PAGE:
Lessons in Chemistry by Bonnie Garmus


Elizabeth Zott could take over the world. She is data-driven and immensely capable. Life didn't come easy for Elizabeth. Her parents were uncaring charlatans and her brother, who she adored, died tragically. In a time when women weren't taken seriously, and women in sciences even less so, she worked tirelessly to earn a seat at a table full of sexist men.


Elizabeth loves fiercely and deeply. Yet, she struggles to experience secure attachments in her romantic and personal life.


Attachment styles are feeling and behavior-based patterns in close relationships. These patterns are shaped by the relationships people experience with their primary caregivers (frequently parents).


The attachment style between Elizabeth and her parents is avoidant / dismissive. Mom and dad ensured her most basic needs (food, clothing, shelter) were met but provided no emotional support. Elizabeth adapted to this by ignoring her feelings and developing bravado independence. She can take care of herself, thank you very much.


Let's teach Elizabeth how to move from an insecure/avoidant attachment style (which keeps people at an emotional distance) to a secure attachment style (which would allow her to trust her partner enough to be emotionally available).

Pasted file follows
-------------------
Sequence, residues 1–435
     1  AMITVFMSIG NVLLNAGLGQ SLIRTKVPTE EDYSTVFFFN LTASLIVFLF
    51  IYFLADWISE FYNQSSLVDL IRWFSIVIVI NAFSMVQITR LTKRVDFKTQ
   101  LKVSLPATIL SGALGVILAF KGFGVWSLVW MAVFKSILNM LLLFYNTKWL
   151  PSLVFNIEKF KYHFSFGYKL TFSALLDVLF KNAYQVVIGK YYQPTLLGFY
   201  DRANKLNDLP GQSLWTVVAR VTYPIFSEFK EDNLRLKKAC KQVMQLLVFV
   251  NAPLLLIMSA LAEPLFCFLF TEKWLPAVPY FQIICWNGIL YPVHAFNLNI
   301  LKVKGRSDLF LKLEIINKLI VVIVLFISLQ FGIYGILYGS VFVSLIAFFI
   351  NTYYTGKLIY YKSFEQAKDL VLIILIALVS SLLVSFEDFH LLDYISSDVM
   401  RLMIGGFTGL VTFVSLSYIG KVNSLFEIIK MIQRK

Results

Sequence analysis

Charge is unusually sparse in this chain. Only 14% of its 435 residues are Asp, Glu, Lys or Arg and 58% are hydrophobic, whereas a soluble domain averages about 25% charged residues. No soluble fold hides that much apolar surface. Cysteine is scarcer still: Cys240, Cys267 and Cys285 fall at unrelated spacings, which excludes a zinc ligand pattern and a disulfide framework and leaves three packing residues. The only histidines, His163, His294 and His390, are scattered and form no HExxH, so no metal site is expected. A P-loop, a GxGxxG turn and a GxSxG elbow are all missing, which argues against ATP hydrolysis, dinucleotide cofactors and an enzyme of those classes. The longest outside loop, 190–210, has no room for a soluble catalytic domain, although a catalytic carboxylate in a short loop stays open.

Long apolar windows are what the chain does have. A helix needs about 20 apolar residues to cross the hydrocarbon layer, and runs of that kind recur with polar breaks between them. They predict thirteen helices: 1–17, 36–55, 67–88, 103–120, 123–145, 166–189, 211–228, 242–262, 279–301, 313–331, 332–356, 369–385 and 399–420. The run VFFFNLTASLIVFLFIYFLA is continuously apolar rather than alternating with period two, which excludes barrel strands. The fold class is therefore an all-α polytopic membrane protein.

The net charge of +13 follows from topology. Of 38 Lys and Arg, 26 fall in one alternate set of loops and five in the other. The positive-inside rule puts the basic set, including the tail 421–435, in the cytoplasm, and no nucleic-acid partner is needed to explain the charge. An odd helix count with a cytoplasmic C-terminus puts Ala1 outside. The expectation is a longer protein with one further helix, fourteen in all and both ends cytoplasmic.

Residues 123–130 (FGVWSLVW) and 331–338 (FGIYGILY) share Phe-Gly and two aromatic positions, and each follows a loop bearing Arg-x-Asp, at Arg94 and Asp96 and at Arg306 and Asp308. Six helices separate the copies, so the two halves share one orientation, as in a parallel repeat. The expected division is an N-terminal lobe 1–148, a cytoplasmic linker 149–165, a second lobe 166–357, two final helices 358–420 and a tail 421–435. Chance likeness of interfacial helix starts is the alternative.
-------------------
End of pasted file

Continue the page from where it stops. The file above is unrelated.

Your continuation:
The first step is to practice being vulnerable. There are several ways to do this:


1. Share something personal.

2. Tell people if they've hurt or upset you.

3. Admit when you don't know something.

4. Apologize when you've made a mistake.

5. Ask for help.


Maybe if Elizabeth had taken these steps, she would not have to be so fiercely independent. And, she would have been able to experience the platonic and romantic relationships in her life at a deeper level. Then, Elizabeth’s relationships would have more resembled the very stable ionic bonds rather than the less predictable hydrogen ones. As Elizabeth herself says: “Courage is the root of change—and change is what we’re chemically designed to do.”

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